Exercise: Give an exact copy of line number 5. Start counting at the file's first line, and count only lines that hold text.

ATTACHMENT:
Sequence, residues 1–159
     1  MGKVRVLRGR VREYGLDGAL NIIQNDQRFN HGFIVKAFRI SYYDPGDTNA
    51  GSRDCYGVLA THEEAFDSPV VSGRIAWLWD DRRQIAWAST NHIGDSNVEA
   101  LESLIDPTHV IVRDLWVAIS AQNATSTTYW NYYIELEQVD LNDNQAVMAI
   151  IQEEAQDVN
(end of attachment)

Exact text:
   151  IQEEAQDVN